Wednesday 13 December 2017

Killer's supervision to be probed

British government orders inquiry into how probation service handled Jon Venables' release

Tim Castle

The British government said yesterday it had ordered a review into how probation officers and other agencies supervised one of the two killers of toddler James Bulger after his release from custody in 2001.

Jon Venables, 27, was jailed for two years last week after he admitted charges of downloading and distributing indecent images of children.

He had appeared at London's Old Bailey court by video link from prison, where he had been recalled in March after breaching his licence conditions

Venables and another boy killed 2-year-old Bulger in 1993, when they were 10 years old. They abducted him from a shopping centre in Liverpool before torturing and killing him.

The two boys were given life sentences but were released on licence in 2001 after being given new identities.

Some 57 pornographic pictures of children were found on Venables' computer after he alerted his probation officer when he feared his new identity was in danger of being revealed. His lawyer said that the child-pornography offences were committed at a time when Venables was drinking heavily.

Former senior civil servant David Omand will conduct a three-month review into the supervision of Venables after his release, Britain's Ministry of Justice said.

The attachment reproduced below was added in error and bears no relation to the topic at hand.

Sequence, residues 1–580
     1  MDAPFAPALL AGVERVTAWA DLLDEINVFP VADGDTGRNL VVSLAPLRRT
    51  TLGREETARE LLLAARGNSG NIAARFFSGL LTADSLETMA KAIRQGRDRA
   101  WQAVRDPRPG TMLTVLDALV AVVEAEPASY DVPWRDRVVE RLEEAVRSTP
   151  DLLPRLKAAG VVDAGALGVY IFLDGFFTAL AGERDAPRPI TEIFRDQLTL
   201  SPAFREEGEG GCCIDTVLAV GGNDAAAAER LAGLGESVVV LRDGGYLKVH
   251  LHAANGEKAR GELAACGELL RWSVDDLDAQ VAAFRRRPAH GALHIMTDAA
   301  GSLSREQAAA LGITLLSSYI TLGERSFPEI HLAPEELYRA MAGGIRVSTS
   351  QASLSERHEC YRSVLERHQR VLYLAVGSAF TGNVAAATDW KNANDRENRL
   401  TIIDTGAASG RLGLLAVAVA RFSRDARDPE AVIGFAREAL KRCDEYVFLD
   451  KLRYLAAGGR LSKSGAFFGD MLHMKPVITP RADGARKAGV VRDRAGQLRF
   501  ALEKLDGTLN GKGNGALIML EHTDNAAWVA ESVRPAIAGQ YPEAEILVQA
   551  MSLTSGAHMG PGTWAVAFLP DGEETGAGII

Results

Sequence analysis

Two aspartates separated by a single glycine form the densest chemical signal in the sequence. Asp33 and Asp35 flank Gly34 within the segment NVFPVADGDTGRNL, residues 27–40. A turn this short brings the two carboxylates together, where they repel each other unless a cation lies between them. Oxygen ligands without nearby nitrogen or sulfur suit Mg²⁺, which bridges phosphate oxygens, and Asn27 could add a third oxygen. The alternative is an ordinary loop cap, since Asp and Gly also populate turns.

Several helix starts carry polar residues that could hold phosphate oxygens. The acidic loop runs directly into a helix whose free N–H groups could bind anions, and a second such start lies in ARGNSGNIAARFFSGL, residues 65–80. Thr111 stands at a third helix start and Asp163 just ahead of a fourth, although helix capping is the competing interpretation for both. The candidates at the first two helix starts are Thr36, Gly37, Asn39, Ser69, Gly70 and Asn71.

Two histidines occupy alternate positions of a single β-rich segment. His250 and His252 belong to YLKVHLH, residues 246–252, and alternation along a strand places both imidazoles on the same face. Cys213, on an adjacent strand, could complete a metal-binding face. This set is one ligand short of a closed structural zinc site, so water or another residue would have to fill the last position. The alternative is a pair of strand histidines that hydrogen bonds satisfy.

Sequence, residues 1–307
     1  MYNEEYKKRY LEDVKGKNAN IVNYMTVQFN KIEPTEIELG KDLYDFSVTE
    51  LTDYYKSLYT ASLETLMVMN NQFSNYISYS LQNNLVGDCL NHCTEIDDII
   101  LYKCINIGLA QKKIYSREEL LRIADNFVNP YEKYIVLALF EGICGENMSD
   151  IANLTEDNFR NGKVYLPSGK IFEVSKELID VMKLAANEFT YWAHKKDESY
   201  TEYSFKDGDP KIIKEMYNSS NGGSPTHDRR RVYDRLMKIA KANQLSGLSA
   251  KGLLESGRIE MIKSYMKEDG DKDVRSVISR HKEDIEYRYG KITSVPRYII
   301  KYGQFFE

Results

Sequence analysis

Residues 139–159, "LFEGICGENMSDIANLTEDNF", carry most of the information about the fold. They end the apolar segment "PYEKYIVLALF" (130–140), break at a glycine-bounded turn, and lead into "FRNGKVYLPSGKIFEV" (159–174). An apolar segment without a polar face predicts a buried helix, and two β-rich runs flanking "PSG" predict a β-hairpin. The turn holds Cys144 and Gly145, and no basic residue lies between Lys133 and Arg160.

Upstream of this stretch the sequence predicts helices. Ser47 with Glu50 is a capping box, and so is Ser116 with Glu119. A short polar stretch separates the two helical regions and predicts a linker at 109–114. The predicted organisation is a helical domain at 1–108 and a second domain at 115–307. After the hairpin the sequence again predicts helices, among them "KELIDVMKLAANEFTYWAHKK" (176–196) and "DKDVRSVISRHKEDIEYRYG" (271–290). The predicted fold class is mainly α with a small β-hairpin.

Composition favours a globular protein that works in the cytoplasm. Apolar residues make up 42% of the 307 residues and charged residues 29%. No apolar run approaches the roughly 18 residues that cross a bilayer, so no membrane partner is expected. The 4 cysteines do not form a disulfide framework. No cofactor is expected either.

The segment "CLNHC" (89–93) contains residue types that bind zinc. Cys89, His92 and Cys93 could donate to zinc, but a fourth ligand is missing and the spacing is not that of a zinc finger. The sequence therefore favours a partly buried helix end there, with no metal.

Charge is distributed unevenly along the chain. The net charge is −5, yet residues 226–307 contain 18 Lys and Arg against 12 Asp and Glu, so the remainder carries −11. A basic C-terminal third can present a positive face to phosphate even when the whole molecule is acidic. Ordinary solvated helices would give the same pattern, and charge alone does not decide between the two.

Bulger's mother, Denise Fergus, said last week that she was surprised that Venables had not been recalled to prison sooner.

The court heard that in 2008 the probation service had given Venables a formal warning after he was arrested following a drunken fight.

In the same year he was cautioned for possession of cocaine.

Probation Chiefs Association director Diane Fulbrook said the 2008 offences had been relatively minor.

"Here we had a young man, who'd held down a job for nine years, he was in settled accommodation. . . some of his behaviour around drugs and alcohol [is] not uncommon amongst young people," she told BBC radio.

Bulger's murder shocked Britain and was widely reported around the world.

A security camera picture showing the killers leading the toddler away from the Bootle shopping centre became the haunting image of the case.

Sunday Independent

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